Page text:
Women/Writing/Teaching: A Translation of the Spanda Karika with Ksemaraja's Commentary, the Spanda Nirnaya
Jan Zlotnik Schmidt
SUNY Press, 1998 - Biography & Autobiography - 293 pages
This book presents autobiographical visions of women writing teachers--their complex lives as writers, as instructors, as feminists, as professionals in the academy. The authors explore their complex identities as teachers: the particular configurations of their pasts, gender, class, ethnic backgrounds, personalities, and cultures that have shaped their personae as instructors of writing.
The contributors explore the intersections of their past and present experiences that influence and guide their development as writers and as instructors of writing. The book discusses how women can emerge from silence, gain authority and power as professionals, and balance the private and public aspects of their lives. In addition, it addresses how women constitute themselves as literacy teachers and what models of feminist pedagogy emerge.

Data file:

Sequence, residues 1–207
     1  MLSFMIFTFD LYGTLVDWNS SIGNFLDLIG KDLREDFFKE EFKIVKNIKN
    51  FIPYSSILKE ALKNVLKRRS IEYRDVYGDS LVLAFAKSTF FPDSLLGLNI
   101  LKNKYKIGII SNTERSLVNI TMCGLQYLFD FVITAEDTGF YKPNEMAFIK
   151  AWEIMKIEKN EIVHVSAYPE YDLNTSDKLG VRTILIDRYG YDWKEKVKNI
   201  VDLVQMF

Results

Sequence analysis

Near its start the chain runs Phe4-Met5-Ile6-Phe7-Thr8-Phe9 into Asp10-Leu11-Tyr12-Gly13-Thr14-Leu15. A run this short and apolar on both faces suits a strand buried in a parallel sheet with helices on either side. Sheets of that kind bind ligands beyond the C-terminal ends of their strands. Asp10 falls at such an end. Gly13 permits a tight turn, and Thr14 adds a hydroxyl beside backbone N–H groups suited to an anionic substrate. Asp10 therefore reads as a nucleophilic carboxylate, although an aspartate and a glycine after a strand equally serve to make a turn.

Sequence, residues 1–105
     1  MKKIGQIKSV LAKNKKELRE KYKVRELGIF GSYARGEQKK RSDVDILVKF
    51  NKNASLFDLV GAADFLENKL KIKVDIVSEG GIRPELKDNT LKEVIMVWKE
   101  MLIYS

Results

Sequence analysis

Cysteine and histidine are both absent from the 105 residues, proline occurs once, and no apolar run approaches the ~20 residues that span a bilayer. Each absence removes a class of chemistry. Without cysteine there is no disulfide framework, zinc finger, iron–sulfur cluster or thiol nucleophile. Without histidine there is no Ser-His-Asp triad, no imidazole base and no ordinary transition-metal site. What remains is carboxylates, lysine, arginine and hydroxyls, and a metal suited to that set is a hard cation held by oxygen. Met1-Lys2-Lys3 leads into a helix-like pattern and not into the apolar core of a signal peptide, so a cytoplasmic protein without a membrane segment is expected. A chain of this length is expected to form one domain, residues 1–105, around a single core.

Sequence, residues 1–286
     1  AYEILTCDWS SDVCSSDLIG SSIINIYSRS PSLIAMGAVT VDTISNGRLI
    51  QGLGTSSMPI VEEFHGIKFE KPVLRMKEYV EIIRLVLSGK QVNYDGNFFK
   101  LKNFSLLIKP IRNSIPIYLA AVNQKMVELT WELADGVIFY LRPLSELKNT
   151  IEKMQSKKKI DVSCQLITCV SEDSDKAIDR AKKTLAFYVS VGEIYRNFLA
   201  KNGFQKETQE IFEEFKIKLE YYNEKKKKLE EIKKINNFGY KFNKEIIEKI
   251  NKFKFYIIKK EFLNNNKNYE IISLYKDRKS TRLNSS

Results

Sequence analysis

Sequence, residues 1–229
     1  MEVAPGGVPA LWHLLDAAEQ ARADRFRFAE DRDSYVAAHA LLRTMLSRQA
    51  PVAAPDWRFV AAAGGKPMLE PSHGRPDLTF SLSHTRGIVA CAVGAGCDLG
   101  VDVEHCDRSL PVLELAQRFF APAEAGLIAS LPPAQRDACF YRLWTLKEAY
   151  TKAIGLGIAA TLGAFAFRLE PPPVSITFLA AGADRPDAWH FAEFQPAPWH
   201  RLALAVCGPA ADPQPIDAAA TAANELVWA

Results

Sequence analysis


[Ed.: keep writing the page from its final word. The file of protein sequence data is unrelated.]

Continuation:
Women/Writing/Teaching is notable for the range, depth, and richness of the chapters; the dynamic interplay of voices, approaches, issues, and concerns; the multiethnic focus; and the high quality of the writings. It will prompt readers to explore their own life stories and to comprehend more fully women's complex lives as teaching professionals.
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Teaching College English as a Woman
Voicing My Self An Unfinished Journey
Sailing Back to Byzantium
The Story of a Woman WritingTeaching The Shining Elusive Spirit
Writing on the Bias
And May He Be Bilingual Notes on Writing Teaching and Multiculturalism
The Point at Which Past and Future Meet
Freedom Form Function Varieties of Academic Discourse
A Collage of Time Writing and Ritual in Womens Studies
Teaching Elders A Journal
Engaged Pedagogy from Teaching to Transgress Education As the Practice of Freedom
Composing a Pleasurable Life
As if your life depended on it from What Is Found There Notebooks on Poetry and Politics
We Was Girls Together Race and Class and Southern Women
Time Alone Place Apart The Role of Spiracy in Using the Power of Solitude